pgd show-proxies

You'll see:

Proxy  Group        Listen Addresses Listen Port
-----  -----        ---------------- -----------
kaboom dc1_subgroup []        6432
kaftan dc1_subgroup []        6432
kaolin dc1_subgroup []        6432

Enter exit to exit the enterprisedb user and return to the admin/root shell. You can now stop the proxy service on this node by running:

systemctl stop pgd-proxy.service

A brief error appears in the lower-right window as the script switches to another proxy. The write leader doesn't change, though, so the switch of proxy doesn't show in the top-left pane where the monitor query is running.

Bring the proxy service on kaftan back by running:

systemctl start pgd-proxy.service
Exiting Tmux

You can quickly exit Tmux and all the associated sessions. First terminate any running processes, as they otherwise continue running after the session is killed. Press Control-B and then enter :kill-session. This approach is simpler than quitting each pane's session one at a time using Control-D or exit.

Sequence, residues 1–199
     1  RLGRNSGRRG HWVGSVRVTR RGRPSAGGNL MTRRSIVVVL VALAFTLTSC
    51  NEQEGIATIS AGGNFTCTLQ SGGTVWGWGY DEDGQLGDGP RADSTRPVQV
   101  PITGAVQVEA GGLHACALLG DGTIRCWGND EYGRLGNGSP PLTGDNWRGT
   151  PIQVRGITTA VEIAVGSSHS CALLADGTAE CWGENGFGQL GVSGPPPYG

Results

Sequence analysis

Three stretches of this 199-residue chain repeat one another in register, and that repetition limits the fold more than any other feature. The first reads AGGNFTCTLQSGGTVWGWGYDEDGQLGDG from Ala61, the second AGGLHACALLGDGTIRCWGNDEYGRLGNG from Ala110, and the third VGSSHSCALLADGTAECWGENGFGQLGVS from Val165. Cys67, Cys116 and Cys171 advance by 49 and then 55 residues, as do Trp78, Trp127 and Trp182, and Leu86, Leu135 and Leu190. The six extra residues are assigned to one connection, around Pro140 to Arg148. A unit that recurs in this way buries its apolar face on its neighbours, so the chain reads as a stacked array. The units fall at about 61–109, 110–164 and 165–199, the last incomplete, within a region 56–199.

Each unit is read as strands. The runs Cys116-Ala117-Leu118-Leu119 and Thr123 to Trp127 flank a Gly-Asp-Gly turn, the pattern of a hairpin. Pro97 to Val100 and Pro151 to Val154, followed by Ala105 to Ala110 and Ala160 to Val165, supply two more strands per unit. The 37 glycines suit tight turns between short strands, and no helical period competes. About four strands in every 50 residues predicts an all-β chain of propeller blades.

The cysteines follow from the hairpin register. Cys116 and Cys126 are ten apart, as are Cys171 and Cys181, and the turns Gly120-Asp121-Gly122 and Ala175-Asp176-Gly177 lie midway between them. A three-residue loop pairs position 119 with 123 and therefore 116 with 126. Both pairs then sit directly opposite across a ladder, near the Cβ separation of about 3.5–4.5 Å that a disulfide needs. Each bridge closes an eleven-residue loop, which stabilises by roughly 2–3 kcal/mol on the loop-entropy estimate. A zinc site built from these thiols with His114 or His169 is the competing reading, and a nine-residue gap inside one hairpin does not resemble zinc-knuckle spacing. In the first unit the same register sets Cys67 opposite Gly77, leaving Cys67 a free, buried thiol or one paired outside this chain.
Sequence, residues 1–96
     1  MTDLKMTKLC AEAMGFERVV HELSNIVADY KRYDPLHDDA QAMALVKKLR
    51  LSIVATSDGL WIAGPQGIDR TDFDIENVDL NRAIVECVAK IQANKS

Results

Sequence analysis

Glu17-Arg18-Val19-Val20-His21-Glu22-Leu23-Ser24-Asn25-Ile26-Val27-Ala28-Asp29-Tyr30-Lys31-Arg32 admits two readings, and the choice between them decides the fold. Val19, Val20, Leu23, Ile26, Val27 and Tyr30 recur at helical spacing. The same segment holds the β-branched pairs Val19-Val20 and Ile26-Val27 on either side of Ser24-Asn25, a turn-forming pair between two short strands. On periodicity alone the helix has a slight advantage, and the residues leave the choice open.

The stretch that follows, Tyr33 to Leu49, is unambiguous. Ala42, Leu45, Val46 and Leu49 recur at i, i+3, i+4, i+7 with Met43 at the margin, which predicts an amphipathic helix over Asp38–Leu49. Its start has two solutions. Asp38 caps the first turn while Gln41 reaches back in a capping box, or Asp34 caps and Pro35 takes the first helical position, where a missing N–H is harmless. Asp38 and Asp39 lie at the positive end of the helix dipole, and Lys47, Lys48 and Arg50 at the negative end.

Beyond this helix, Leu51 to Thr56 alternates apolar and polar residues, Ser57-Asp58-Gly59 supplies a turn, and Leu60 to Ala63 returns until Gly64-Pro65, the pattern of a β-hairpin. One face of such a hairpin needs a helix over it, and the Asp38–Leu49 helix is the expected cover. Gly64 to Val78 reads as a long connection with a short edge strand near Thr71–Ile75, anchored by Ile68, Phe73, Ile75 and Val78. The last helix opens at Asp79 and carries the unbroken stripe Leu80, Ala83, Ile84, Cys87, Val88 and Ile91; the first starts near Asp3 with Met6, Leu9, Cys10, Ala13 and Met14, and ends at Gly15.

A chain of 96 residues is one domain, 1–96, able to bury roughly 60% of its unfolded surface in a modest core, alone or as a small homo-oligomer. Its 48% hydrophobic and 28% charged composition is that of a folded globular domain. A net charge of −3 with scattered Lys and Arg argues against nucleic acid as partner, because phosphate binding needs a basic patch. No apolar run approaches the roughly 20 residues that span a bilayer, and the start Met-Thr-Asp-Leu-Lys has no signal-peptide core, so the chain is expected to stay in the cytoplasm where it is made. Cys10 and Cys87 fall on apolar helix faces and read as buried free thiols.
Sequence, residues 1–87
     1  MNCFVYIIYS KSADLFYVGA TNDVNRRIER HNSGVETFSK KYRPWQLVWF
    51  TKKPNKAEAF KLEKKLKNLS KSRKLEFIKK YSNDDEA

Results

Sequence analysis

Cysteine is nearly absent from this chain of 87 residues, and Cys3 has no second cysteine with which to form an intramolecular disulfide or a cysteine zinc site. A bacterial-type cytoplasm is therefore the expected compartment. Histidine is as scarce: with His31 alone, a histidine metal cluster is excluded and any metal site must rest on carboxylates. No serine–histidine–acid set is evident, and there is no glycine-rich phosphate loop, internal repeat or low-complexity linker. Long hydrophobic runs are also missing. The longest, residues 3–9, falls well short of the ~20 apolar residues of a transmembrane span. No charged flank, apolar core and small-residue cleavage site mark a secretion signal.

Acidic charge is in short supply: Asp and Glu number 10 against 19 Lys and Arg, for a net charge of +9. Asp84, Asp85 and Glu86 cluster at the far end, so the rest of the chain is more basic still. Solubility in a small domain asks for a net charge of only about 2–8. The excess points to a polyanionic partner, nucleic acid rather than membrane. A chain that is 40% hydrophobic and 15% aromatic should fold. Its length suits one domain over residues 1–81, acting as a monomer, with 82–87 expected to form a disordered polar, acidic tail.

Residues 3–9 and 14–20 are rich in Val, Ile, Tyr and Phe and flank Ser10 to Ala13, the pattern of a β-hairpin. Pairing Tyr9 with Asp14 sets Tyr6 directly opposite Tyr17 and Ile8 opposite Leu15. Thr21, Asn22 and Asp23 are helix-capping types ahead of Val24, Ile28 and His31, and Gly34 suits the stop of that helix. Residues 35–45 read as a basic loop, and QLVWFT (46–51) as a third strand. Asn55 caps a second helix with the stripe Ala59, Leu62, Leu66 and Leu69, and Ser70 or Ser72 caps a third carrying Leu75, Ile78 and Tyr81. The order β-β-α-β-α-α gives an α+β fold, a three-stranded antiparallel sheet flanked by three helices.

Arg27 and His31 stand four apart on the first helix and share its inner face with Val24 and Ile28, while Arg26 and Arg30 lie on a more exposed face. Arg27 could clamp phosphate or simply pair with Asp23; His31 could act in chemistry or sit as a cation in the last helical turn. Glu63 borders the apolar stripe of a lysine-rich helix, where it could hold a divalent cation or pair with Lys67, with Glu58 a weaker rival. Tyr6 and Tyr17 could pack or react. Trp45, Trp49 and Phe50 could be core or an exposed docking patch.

Other scenarios

This example uses the quick-start configuration of three data nodes and one backup node. You can configure a cluster to have two data nodes and a witness node, which is less resilient to a node failing. Or you can configure five data nodes, which is much more resilient to a node failing. With this configuration, you can explore how failover works for your applications. For clusters with multiple locations, the same basic rules apply: taking a server down elects a new write leader that proxies now point to.

Further reading